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ABSTRACT: Rapid exchange of metabolites between different cell types is crucial for energy homeostasis of the brain. Besides glucose, lactate is a major metabolite in the brain and is primarily produced in astrocytes. In the present study, we report that carbonic anhydrase 2 (CAII) enhances both influx and efflux of lactate in mouse cerebellar astrocytes. The augmentation of lactate transport is independent of the enzyme's catalytic activity, but requires direct binding of CAII to the C-terminal of the monocarboxylate transporter MCT1, one of the major lactate/proton cotransporters in astrocytes and most tissues. By employing its intramolecular proton shuttle, CAII, bound to MCT1, can act as a ‘proton collecting antenna' for the transporter, suppressing the formation of proton microdomains at the transporter-pore and thereby enhancing lactate flux. By this mechanism CAII could enhance transfer of lactate between astrocytes and neurons and thus provide the neurons with an increased supply of energy substrate.
Available from: Michel De Waard
- "In vitro, expression of both CAIX and MCT4 is increased by HIF-1αA common upregulatory mechanism, perhaps acting via HIF-1α, might lead to the observed spatial correlation. A close spatial association between a pair of other isoforms of these proteins, MCT1 and CAII, has been reported , . CAXII as well as CAIX is upregulated in tumors, and six other known isoforms are present in the brain , so our sampling of only CAIX tells us little about the distribution of total CA activity. "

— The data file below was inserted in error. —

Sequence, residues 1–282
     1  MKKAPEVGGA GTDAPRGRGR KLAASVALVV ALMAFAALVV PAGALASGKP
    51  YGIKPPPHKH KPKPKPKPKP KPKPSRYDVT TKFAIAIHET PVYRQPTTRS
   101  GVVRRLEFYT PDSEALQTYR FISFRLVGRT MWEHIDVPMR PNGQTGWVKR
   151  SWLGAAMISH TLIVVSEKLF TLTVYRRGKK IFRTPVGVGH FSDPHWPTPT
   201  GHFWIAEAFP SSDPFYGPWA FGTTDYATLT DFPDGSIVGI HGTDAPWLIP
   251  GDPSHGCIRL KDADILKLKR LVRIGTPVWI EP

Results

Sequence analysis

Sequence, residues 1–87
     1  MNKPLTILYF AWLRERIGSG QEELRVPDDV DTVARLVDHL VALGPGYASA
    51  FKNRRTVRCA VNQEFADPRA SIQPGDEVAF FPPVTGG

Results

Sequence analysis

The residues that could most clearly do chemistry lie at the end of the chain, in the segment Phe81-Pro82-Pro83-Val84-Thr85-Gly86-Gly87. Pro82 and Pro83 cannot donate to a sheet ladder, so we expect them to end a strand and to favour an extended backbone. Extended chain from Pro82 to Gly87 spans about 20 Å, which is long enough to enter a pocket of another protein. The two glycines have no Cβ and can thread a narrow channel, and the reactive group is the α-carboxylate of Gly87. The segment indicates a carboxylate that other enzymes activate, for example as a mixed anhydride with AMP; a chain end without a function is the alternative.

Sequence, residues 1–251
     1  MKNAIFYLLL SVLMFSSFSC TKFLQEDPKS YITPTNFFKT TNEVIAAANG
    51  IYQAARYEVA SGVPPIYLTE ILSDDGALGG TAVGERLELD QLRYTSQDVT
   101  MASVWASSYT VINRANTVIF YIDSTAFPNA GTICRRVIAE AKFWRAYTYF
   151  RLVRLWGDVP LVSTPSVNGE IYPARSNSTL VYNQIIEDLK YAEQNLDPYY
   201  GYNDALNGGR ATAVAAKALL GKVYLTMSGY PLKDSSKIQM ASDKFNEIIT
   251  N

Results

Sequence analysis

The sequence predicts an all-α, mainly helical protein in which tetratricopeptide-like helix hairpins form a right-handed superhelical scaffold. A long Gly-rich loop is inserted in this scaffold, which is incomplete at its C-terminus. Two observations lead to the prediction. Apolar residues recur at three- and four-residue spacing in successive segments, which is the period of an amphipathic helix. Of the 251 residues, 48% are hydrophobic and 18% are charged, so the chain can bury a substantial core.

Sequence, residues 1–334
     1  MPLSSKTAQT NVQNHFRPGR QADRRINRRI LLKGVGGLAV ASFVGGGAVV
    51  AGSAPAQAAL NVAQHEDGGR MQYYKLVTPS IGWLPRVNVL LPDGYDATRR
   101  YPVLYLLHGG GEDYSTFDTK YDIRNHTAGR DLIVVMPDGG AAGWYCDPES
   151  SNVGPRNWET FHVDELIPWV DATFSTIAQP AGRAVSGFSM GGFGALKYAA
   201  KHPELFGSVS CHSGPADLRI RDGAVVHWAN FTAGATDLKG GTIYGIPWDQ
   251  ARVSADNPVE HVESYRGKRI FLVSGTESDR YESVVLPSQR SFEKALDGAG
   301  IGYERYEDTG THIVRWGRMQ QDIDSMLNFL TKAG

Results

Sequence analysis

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ABSTRACT: Tumors create a heterogeneous acidic microenvironment which assists their growth and which must be taken into account in the design of drugs and their delivery. In addition, the acidic extracellular pH (pHe) is itself exploited in several experimental techniques for drug delivery. The way the acidity is created is not clear. We report here the spatial organization of key proton-handling proteins in C6 gliomas in rat brain. The mean profiles across the tumor rim of the Na+/H+ exchanger NHE1, and the lactate-H+ cotransporter MCT1, both showed peaks. NHE1, which is important for extension and migration of cells in vitro, showed a peak 1.55 times higher than in extratumoural tissue at 0.33 mm from the edge. MCT1 had a broader peak, further into the tumor (maximum 1.76 fold at 1.0 mm from the edge). In contrast, MCT4 and the carbonic anhydrase CAIX, which are associated with hypoxia, were not significantly upregulated in the rim. The spatial distribution of MCT4 was highly correlated with that of CAIX, suggesting that their expression is regulated by the same factors. Since protons extruded by NHE1 diffuse away through extracellular clefts, NHE1 requires a continuous source of intracellular protons. From the stoichiometries of metabolic pathways that produce or consume H+, and the greater availability of glucose compared to oxygen in most parts of a tumor, we support the classic view that most of the net proton efflux from C6 gliomas originates in glycolytic formation of lactate and H+ inside the tumor, but add that some lactate is taken up into cells in the rim on MCT1, and some lactate diffuses away, leaving its associated protons available to re-enter cells for extrusion on NHE1. Therapeutic inhibition of NHE1, MCT1 or CAIX is predicted to affect different parts of a tumor.